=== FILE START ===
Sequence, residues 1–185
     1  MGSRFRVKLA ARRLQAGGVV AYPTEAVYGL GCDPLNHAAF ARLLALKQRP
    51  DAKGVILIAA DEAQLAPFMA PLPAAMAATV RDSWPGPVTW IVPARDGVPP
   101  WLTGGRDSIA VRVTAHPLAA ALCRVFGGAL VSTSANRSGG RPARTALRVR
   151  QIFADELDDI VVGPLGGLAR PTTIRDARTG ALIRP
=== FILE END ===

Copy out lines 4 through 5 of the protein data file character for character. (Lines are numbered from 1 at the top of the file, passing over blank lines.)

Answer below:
   101  WLTGGRDSIA VRVTAHPLAA ALCRVFGGAL VSTSANRSGG RPARTALRVR
   151  QIFADELDDI VVGPLGGLAR PTTIRDARTG ALIRP